Flow management and oil recovery rates in subsea production installations are not optimal, partly due to failure to measure parameters such as salinity in single well streams. Variations in salinity will incur offsets in oil and gas volume data from subsea multiphase flow meters (MPFMs), and may also indicate water breakthroughs, in which the wells starts to produce injected sea water. Both these effects bring about considerable losses for the operator. The number of subsea installations is steadily increasing and the problem is therefore felt in the industry. The only method today for checking salinity in individual well streams involves ROV intervention, a hugely expensive operation. The Idea is to develop a sample and analysis system for installation upstream from MPFMs on subsea manifolds. Integrated in the flow line, the system will sample the multiphase production from the well, allow the fluid to separate into its single phases by electrostatic coealescing and measure the salinity of the water fraction.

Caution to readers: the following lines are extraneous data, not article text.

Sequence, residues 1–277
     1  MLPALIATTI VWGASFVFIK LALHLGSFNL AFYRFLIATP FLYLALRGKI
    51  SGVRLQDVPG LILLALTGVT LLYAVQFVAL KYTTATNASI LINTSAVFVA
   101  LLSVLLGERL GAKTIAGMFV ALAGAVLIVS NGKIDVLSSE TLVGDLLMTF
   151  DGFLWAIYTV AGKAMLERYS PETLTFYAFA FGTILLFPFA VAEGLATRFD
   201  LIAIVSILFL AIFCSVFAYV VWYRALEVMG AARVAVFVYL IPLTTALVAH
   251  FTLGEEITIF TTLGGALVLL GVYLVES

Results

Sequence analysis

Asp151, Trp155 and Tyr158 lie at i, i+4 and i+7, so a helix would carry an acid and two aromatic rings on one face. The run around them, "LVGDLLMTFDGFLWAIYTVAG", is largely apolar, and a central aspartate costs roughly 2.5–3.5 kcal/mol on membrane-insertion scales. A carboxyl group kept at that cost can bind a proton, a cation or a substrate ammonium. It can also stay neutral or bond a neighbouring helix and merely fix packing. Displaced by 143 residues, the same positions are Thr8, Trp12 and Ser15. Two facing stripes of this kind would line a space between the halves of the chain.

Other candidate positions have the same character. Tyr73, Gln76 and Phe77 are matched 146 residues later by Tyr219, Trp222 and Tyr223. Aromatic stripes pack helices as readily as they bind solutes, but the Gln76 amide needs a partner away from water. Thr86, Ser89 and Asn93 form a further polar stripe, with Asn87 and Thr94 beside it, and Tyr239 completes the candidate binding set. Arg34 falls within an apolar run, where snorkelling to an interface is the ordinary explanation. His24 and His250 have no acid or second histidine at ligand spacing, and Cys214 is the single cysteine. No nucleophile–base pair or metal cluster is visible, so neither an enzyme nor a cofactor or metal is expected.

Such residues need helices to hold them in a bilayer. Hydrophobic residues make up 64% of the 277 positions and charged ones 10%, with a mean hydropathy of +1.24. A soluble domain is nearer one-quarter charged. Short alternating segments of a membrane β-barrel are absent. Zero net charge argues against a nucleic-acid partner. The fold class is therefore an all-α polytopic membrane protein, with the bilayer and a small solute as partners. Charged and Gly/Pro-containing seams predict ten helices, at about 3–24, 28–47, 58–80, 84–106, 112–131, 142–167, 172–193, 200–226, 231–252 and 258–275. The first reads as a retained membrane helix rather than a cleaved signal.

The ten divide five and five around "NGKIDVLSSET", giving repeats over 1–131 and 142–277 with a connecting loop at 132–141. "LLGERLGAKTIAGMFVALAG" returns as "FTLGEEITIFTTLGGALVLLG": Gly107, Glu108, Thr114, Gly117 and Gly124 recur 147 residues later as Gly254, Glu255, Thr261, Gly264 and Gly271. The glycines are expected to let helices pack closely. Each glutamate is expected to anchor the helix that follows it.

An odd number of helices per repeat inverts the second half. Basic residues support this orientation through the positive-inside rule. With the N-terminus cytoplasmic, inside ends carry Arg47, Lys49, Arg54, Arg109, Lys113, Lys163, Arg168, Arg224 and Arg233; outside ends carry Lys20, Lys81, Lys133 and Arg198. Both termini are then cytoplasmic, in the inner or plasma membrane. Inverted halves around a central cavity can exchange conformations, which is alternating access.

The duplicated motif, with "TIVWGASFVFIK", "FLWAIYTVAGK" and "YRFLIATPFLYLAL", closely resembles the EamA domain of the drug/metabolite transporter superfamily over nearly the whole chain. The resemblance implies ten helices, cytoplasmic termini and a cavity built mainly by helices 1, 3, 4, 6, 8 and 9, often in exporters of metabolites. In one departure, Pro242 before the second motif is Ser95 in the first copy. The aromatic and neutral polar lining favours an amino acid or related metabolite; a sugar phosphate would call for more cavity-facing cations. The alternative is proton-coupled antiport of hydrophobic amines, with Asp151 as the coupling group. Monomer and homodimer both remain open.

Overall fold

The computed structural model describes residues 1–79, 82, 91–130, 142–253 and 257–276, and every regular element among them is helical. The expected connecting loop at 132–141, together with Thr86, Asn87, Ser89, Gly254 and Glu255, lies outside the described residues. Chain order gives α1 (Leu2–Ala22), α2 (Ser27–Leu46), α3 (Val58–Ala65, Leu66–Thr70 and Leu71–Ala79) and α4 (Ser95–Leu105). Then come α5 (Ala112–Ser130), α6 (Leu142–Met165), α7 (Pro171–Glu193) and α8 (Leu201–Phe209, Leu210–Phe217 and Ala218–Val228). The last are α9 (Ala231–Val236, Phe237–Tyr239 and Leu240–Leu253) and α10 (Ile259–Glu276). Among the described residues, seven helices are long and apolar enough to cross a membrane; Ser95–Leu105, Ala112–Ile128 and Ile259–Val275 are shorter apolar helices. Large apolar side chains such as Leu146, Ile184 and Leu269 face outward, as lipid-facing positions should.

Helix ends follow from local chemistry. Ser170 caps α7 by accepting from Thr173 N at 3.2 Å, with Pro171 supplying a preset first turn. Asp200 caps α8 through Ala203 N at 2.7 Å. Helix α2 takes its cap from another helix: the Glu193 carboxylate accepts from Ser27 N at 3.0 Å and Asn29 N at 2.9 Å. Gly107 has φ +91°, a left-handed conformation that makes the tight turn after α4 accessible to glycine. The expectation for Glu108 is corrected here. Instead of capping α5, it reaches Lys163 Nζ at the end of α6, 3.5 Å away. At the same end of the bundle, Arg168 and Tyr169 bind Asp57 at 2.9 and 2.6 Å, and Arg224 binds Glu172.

By monitoring the salinity, the MPFM may be regularly calibrated and the offset is removed. Salinity measurements will also enable early detection of water breakthrough, where wells start to produce injected sea water instead of oil. The system will: - Improve accuracy of MPFMs by removing errors caused by variations in salinity - Enable early detection of water breakthrough through detection of said variation in salinity - Verify MPFM data by volume fraction estimation in sample separation tank SalinityScan will involve extensive development work in several research areas, including oil separation technology, ultrasound level gauging, control electronics, mechanical design and subsea instrumentation. A large market has been identified for the introduction of the SalinityScan system. It is anticipated that the participating SMEs will gain valuable experience and great economical benefits through the completion of this project.